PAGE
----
When the world gets closer.

We help you see farther.

Sign up to our expressly international daily newsletter.

Germany

Alternative Path To Middle East Peace? Israel Should Join EU

It is high time to provide a new perspective for Israel and offer the country a membership in the European Union. A uniquely German point of view on Middle East peace.

A seawall in Gaza City on a cloudy day last month
A seawall in Gaza City on a cloudy day last month
Henryk M. Broder

-OpEd-

BERLIN — The two-state-solution is not, as most of us would think, a new idea. It is 80 years old, to be precise. It is based on the idea of a British commission and was conceived in 1937 before it was taken up, once more, by the United Nations in 1947. The version of 1947 stated that the area of the British-mandated territory of "Palestine," situated between the river Jordan and the Mediterranean, should be divided into two separate states, an Israeli state and an Arab state.

Keep reading... Show less
You've reached your monthly limit of free articles.
To read the full article, please subscribe.
Get unlimited access. Support Worldcrunch's unique mission:
  • Exclusive coverage from the world's top sources, in English for the first time.
  • Stories from the best international journalists.
  • Insights from the widest range of perspectives, languages and countries
Already a subscriber? Log in

When the world gets closer, we help you see farther

Sign up to our expressly international daily newsletter!
FOCUS: Russia-Ukraine War

Hide-And-Seek Of Drone Warfare, A Letter From Ukraine's Front Line

A member of the Ukrainian Armed Forces writes his account of the new dynamic of targeting, and being targeted by, the invading Russian troops, as drones circle above and trenches get left behind.

A Ukrainian military drone operator during a testing of anti-drone rifle in Kyiv.

Igor Lutsenko*

KYIV — The current war in Ukraine is a game of hide-and-seek. Both sides are very well-stocked with artillery, enough to destroy the enemy along many kilometers. Swarms of drones fly through the air day and night, keeping a close eye on the earth's surface below. If they notice something interesting, it immediately becomes a target. Depending on the priority, they put it in line for destruction by artillery.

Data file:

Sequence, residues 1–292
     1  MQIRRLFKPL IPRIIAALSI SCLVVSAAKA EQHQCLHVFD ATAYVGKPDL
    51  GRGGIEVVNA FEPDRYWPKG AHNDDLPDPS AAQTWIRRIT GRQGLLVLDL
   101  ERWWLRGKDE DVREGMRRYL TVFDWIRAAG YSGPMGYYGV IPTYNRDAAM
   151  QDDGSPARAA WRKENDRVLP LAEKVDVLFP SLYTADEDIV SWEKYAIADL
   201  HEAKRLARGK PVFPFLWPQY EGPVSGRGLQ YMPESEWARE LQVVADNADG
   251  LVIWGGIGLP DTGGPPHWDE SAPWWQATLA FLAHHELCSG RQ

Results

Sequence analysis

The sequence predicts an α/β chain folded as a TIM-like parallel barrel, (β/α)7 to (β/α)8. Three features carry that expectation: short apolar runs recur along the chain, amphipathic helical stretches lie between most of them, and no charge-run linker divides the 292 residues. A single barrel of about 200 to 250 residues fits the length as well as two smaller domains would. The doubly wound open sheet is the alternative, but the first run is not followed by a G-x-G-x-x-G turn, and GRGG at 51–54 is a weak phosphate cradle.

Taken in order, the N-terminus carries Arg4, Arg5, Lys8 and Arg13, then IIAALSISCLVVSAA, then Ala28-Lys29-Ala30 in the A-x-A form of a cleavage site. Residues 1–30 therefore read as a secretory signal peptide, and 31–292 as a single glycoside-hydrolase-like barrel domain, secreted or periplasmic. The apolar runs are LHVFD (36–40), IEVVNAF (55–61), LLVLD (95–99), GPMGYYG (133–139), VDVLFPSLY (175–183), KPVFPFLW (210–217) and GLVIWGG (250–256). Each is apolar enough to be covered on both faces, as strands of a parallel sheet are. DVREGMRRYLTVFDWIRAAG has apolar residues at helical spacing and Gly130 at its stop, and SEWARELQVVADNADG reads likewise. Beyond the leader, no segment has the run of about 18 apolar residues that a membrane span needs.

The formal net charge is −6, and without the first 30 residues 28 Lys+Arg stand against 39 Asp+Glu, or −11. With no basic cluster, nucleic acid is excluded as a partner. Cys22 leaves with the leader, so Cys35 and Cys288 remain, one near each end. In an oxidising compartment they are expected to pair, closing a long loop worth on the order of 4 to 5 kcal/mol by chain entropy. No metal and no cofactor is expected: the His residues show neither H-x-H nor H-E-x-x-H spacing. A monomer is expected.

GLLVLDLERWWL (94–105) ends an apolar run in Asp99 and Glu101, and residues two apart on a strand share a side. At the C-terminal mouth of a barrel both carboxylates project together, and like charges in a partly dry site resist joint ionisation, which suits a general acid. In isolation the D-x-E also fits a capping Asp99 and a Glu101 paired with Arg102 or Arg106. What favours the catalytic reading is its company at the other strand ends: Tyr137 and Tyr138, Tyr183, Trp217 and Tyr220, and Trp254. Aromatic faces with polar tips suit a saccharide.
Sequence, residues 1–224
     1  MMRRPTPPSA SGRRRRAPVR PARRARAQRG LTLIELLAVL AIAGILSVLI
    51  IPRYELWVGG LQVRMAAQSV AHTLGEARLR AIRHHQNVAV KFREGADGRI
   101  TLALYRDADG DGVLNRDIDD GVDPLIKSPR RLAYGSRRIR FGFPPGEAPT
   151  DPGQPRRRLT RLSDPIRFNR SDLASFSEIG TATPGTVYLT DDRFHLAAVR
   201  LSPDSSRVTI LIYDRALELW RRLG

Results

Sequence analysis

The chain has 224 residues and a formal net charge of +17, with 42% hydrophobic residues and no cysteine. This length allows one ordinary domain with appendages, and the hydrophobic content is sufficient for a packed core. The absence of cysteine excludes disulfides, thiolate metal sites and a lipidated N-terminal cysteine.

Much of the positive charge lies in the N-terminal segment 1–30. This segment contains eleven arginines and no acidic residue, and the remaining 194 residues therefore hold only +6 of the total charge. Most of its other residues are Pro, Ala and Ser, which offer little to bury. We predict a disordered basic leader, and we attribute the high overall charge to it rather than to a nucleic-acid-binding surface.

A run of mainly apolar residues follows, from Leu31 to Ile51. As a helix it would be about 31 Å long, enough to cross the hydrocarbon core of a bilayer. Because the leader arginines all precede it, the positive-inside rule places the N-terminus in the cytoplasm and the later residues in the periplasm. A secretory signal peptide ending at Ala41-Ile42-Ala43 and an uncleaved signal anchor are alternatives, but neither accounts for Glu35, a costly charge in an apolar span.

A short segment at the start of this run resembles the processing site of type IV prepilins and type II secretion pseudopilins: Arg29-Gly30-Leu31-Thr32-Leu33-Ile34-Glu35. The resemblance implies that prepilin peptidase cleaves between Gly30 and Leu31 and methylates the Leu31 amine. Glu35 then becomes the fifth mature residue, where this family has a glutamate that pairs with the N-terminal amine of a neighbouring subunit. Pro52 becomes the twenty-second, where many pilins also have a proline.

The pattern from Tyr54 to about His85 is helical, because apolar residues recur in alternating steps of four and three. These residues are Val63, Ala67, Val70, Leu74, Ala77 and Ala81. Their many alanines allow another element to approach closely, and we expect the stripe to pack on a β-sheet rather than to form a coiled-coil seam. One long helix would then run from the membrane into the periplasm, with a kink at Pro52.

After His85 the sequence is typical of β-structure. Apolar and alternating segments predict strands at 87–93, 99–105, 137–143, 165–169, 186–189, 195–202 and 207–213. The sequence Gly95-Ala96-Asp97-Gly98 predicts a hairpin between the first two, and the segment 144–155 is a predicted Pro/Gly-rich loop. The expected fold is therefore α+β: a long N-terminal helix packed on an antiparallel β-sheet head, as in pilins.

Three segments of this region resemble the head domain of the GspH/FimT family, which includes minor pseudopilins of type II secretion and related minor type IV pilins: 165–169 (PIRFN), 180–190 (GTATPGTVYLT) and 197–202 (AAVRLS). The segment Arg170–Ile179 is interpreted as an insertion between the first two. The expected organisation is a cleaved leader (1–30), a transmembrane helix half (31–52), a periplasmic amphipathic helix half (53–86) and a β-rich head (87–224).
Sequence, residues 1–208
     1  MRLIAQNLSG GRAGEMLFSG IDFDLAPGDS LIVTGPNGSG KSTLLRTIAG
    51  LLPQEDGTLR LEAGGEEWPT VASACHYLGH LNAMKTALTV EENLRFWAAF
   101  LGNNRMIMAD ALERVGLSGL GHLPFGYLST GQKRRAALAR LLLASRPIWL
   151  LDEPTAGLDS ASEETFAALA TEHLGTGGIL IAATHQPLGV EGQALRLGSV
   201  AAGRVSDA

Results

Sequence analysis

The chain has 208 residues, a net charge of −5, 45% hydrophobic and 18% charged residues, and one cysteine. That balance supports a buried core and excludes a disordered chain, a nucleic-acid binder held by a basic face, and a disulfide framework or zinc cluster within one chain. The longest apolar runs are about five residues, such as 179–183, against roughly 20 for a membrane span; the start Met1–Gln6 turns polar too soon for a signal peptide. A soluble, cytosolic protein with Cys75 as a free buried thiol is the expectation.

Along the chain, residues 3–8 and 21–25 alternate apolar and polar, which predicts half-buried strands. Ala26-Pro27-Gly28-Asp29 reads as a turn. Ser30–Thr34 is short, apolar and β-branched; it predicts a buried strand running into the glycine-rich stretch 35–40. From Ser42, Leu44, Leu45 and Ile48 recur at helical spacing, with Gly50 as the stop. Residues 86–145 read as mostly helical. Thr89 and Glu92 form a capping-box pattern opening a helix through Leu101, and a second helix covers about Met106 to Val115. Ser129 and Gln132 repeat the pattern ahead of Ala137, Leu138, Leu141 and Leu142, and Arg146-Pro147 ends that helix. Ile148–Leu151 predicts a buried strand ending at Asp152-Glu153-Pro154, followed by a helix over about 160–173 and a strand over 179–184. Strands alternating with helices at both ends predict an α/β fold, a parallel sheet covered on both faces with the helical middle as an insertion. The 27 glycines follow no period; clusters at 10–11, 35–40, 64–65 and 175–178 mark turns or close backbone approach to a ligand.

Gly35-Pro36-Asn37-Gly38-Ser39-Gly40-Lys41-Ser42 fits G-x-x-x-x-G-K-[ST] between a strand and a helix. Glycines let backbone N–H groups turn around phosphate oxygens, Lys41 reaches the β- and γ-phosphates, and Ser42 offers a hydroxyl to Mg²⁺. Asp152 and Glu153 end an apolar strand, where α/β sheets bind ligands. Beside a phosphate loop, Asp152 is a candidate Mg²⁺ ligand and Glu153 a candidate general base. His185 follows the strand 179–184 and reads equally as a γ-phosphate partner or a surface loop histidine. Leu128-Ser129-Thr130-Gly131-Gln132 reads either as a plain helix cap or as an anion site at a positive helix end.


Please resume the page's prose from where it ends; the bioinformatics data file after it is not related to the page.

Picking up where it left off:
Therefore, the only effective way to survive is to hide, or at least somehow prove to the drones your non-priority status — and avoid moving to the front of the 'queue of death.'

Stay up-to-date with the latest on the Russia-Ukraine war, with our exclusive international coverage.

Sign up to our free daily newsletter.

In general, the nature of this queue is a particular thing. It may seem to be a god, but is instead a simple artillery captain's decision of when to have lunch, and when to fire on the house where several enemy soldiers are staying. It's just a handful of ordinary people (observers, artillerymen) deciding how long their enemies will live depending on their own schedule or the weather, the availability of ammunition or if they're feeling tired.

Keep reading... Show less

When the world gets closer, we help you see farther

Sign up to our expressly international daily newsletter!
You've reached your monthly limit of free articles.
To read the full article, please subscribe.
Get unlimited access. Support Worldcrunch's unique mission:
  • Exclusive coverage from the world's top sources, in English for the first time.
  • Stories from the best international journalists.
  • Insights from the widest range of perspectives, languages and countries
Already a subscriber? Log in
THE LATEST
FOCUS
TRENDING TOPICS

Central to the tragic absurdity of this war is the question of language. Vladimir Putin has repeated that protecting ethnic Russians and the Russian-speaking populations of Ukraine was a driving motivation for his invasion.

Yet one month on, a quick look at the map shows that many of the worst-hit cities are those where Russian is the predominant language: Kharkiv, Odesa, Kherson.

Watch Video Show less
MOST READ